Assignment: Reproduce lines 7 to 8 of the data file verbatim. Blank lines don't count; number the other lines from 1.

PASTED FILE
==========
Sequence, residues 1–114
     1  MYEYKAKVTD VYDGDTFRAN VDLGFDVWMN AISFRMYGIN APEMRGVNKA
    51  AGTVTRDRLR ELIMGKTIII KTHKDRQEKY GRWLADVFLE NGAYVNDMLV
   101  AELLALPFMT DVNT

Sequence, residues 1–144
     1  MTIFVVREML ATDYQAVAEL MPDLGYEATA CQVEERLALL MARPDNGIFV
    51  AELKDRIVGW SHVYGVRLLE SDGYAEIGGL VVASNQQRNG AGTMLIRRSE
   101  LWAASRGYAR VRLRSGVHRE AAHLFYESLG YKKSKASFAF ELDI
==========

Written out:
    51  AELKDRIVGW SHVYGVRLLE SDGYAEIGGL VVASNQQRNG AGTMLIRRSE
   101  LWAASRGYAR VRLRSGVHRE AAHLFYESLG YKKSKASFAF ELDI